Pressing
will select the one chirp setting.
will select the two chirp setting.
(See Module Programming section of this guide.)
25
NOTE: The Override pulse count feature (2-5) and the Channel three timed output (2-9)
have five possible settings each. Pressing
6.
will toggle through all the two-chirp settings.
Release the Override Switch.
Once a feature is programmed:
➤ Other features can be programmed within the same menu.
➤ Another menu can be selected.
➤ The learn routine can be exited if programming is complete.
To access another feature in the same menu:
1.
Press and release the Override switch the number of times necessary to advance from the feature
you just programmed to the next one you want to program.
2.
Then press the Override switch once more and hold it.
For example, if you just programmed the third feature in the menu and you would like to program the
seventh feature in the menu, you would press and release the Override switch four times and then press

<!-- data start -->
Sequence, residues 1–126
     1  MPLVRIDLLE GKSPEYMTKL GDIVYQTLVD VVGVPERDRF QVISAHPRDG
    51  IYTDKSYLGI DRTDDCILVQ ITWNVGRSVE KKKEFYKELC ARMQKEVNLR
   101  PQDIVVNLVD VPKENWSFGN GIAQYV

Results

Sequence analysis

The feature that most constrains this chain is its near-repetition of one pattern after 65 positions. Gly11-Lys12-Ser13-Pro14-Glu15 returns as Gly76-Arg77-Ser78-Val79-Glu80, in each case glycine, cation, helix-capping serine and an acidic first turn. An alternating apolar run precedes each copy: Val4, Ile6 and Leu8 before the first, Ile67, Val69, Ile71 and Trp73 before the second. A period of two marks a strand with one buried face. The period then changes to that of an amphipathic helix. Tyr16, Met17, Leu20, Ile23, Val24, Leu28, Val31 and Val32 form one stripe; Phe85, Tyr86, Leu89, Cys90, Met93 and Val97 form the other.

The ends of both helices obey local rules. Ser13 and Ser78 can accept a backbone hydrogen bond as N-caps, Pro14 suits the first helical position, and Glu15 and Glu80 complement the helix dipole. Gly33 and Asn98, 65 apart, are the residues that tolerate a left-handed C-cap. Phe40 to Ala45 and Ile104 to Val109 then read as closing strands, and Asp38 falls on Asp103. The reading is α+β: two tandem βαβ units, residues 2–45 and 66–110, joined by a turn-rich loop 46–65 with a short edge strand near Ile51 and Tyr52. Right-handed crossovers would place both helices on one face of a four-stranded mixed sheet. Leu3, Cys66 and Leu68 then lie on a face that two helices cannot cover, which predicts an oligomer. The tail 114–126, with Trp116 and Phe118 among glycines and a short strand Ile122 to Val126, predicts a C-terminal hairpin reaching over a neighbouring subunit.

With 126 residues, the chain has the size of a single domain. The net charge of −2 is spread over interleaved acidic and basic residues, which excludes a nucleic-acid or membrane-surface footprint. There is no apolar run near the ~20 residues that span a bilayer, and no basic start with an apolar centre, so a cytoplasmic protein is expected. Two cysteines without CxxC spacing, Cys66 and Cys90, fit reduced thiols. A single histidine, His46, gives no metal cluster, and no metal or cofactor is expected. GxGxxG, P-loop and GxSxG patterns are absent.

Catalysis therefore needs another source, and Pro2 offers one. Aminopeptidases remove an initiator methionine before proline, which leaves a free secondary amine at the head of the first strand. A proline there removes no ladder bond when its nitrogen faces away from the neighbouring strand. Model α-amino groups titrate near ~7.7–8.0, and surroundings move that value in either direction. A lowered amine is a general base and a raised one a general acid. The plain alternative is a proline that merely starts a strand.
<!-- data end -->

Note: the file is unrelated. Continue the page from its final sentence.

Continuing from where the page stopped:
it once more and hold it. The siren would chirp seven times to confirm access to the seventh feature.
To select another menu:
1.
Press and hold the Override switch.
2.
After three seconds, the unit will advance to the next menu and the siren will chirp, indicating
which menu has been accessed.
For instance, if you just programmed some features in Menu #1 (Basic Features) and you wish to program a feature in Menu #2, you press and hold the Override switch. After three seconds, the siren
chirps twice indicating access to Menu #2.
To exit the learn routine do one of the following:
➤ Close the open door.
➤ Turn the ignition on.
➤ No activity for longer than 15 seconds.
➤ Press the Override switch too many times.
26
module programming menus
menu #1 - basic features